3. In September 2000 the member states of the United Nations adopted the Millennium Declaration and later determined the Millennium Development Goals as a roadmap to achieve, by 2015, global progress with regards to the following: eradication of extreme poverty and hunger; universal primary education; gender equality and empowerment of women; reduction in child mortality; improvement of maternal health; halting and beginning the reduction of HIV/AIDS, malaria and other diseases; environmental sustainability; and the development of a global partnership for development.
Challenges Facing Arab Women The main challenges are to: • Urge governments to formulate strategies and programs for the empowerment of women in conjunction with public policy priorities and variables at the national level in order to achieve MDGs3 during the coming ten years. • Increase budgets and human resources allocated to policies, programs, and national mechanisms concerned with women, and linkage of these budgets to the public budget. • Analyze and treat the indicators that demonstrate the existence of a gap between women’s equality under the law and actual equality with regard to parliamentary representation. • Amend discriminatory legislation. • Establish a gender-disaggregated informa-
Conclusion The single most important factor governing the status of Arab women is prevailing traditions and customs, cultural affinities, and religious convictions. In addition, the precarious political situation and instability in the region have been detrimental to the improvement of the status of women. It is known that the status of women in any country is a reflection of the level of development of that country. Under situations of conflict, development is neither possible nor sustainable, and so with gender equality. Thus, security and peace are paramount to sustainable development. This is a three-pronged formula where development, peace, and equality are intertwined. Arab women still face considerable challenges and barriers to reach equal status with their male counterparts. The road ahead is still long, if at the turn of the new millennium and the advent of the twenty-first centu-
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ry, some Arab states have not yet recognized the right of women to vote and run for public office, nor formally accepted the elimination of all forms of discrimination against women.
Population and Development in the Middle East and North Africa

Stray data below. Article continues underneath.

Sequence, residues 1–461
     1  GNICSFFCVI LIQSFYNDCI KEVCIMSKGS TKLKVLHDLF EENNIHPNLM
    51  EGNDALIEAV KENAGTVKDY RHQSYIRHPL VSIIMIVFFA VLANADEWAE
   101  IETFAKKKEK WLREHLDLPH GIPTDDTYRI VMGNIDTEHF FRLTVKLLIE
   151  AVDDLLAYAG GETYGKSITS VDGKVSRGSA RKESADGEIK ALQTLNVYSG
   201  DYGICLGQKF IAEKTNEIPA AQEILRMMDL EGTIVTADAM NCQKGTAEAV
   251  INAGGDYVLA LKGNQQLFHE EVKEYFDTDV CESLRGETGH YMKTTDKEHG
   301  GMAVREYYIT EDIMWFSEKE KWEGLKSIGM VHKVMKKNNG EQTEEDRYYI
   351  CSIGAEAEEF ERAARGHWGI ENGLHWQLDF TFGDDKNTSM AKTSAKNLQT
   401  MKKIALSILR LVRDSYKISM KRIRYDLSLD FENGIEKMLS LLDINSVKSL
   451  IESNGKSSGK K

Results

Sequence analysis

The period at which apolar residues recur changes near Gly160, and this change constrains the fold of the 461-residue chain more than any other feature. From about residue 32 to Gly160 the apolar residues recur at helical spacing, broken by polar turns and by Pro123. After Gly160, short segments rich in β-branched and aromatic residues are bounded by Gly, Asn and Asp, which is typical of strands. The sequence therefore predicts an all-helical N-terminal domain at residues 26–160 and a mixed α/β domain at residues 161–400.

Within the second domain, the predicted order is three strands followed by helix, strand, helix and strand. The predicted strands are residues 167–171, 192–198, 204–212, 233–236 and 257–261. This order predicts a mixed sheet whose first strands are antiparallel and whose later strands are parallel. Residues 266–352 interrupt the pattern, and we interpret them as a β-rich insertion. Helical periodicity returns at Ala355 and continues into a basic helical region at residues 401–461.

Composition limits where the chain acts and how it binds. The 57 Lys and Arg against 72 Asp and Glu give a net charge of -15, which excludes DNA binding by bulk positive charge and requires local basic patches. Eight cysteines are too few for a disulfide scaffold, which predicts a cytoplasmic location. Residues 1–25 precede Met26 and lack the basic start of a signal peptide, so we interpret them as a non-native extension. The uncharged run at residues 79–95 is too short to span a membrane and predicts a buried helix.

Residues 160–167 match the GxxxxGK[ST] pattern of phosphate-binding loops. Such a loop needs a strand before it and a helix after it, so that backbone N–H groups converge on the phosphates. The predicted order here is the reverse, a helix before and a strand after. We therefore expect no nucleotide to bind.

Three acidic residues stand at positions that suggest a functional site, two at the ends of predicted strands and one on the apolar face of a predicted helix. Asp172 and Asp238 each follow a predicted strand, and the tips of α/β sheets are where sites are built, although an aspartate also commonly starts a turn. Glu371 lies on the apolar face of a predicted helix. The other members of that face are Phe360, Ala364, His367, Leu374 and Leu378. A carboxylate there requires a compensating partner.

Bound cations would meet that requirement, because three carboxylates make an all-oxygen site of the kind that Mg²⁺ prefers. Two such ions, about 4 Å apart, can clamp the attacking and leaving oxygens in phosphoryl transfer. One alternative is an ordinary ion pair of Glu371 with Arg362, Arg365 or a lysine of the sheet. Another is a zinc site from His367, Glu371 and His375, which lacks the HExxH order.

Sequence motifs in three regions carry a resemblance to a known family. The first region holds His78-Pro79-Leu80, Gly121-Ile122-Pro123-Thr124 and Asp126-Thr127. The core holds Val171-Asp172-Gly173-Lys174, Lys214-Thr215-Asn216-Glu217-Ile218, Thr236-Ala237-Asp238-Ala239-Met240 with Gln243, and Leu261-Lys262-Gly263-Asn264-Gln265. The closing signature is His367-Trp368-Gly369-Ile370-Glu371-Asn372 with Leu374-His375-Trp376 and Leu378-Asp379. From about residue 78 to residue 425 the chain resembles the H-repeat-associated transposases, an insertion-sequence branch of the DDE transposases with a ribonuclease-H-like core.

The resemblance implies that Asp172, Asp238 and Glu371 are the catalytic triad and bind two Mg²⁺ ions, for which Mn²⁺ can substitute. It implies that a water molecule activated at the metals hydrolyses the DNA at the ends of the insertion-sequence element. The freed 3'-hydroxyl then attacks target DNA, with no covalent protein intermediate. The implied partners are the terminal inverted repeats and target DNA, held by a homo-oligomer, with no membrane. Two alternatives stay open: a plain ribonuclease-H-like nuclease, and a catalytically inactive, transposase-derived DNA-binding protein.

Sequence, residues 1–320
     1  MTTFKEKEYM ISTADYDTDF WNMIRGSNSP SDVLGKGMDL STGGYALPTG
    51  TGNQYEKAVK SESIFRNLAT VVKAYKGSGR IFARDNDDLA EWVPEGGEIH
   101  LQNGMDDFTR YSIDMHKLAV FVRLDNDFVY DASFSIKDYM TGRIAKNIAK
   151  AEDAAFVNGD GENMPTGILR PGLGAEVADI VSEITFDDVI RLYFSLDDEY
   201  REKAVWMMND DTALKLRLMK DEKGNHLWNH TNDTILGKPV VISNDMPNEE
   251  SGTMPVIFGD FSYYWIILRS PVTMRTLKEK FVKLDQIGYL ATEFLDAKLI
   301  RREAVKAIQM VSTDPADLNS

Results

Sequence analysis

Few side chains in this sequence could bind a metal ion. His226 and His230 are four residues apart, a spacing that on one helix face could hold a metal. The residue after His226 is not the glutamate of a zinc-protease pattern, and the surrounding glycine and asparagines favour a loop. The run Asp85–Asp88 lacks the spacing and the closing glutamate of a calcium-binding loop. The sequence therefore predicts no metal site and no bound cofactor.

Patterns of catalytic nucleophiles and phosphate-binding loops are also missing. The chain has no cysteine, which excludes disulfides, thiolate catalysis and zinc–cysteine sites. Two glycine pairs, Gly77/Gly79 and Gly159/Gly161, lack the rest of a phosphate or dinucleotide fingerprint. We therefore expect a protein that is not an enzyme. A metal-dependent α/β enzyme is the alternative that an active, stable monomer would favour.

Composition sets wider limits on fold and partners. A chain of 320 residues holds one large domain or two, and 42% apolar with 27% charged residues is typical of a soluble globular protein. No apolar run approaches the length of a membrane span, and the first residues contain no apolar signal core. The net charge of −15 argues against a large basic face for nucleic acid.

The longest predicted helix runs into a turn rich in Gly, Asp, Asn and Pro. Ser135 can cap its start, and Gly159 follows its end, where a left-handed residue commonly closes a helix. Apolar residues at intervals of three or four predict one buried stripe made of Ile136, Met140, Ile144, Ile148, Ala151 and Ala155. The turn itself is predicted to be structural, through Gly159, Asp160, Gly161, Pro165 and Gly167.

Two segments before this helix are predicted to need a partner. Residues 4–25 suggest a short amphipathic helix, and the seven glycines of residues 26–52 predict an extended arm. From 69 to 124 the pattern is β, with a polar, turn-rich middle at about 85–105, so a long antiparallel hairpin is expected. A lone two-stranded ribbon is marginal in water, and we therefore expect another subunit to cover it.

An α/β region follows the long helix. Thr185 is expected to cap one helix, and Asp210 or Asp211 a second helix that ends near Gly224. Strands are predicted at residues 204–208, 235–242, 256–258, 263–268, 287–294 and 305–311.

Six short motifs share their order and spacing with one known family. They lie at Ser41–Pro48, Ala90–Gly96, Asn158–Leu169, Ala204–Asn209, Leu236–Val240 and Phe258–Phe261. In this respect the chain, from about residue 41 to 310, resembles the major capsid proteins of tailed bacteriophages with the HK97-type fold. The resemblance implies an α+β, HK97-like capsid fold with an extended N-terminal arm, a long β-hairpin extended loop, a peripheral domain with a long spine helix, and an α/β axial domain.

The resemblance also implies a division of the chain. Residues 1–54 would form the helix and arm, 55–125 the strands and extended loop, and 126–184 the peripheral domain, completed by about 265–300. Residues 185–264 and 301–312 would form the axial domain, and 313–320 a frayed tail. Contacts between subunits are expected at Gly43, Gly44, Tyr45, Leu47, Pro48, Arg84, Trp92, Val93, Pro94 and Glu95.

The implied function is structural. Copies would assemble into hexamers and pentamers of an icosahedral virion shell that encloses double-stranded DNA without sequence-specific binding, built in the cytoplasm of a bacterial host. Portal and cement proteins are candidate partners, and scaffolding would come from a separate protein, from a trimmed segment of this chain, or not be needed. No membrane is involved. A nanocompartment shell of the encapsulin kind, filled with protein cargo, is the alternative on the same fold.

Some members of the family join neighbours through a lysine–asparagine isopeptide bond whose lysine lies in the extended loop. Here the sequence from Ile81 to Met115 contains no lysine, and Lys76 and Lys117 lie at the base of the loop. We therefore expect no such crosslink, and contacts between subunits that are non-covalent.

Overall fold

By Farzaneh Roudi-Fahimi, Senior Policy Analyst, Population Reference Bureau. Ms. RoudiFahimi also directs the Middle East and North Africa Program. Based on a Wilson Center presentation July 7, 2004 which was part of a six part series on Islam, Gender and Reproductive Health conducted in conjunction with the Wilson Center’s Environmental Change and Security Project with the support of the U.S. Agency for International Development’s Office of Population and Reproductive Health and the Interagency Gender Working Group. The rate of population growth in the Middle East and North Africa region (MENA) has been faster than that of the world’s average, exacerbating the social, economic, and political challenges that this region is facing. The MENA region’s annual population growth rate reached a peak of 3% around 1980, while the growth rate of the world as a whole reached its peak of 2% annually more than a decade earlier. (At a 3% rate of growth, a population doubles in size in 23 years.) Regardless of the level of economic development or national income, the MENA region’s governments are increasingly challenged to provide the basic needs for a growing number of citizens—improved water and sanitation, adequate housing, health care, education, and jobs. The population of the MENA region as a whole is growing at about 2.0% per year—the second highest rate among major world regions after sub-Saharan Africa. (The population of the world as a whole is growing at an annual rate of 1.3%.) Due to their recent high fertility or current high fertility, the populations of MENA countries are generally young [see graph page 7]. About one-third of the MENA region’s population is under age 15. Over the next 15 years these children and adolescents will reach their childbearing years and enter the job market. The MENA region’s working-age population is growing very rapidly as huge cohorts of children reach adulthood. In 1996, for example, there were five Jordanians under 15 years of age poised to enter the labor market for every Jordanian age 45 to 60 nearing retirement. For Saudi nationals, this ratio was 8-to-1 in 1996 [see graphs, page 8]. Because of its young age structure, along with low level of female labor force participation, the MENA region’s economic dependency—the ratio of the economically inactive to economically active population—is the highest in the world. The MENA region is known for its high rates of unemployment, particularly among its youth populations. To prepare its growing working-age population for the era of economic globalization, MENA countries require a much greater investment in human resources. While access to education has improved dramatically over the past few decades, challenges remain. According to UNESCO, between 1980 and 1995, the literacy rate among the population age 15 years and older in Egypt increased from 40% to 50%, but the total number of illiterate Egyptians still grew from 16 million to 19 million. Morocco’s illiterate population grew from eight million in 1980 to 9.5 million in 1995, despite the increase in its literacy rate from 29% to 44%. Even where access to education is not a problem, the quality of education provided is often low. According to the 2002 Arab Human Development Report, “The most worrying aspect of the crisis in education is education’s inability to provide the requirements for the development of Arab societies.” The number of women of childbearing age (15 to 49 years) will at least double in most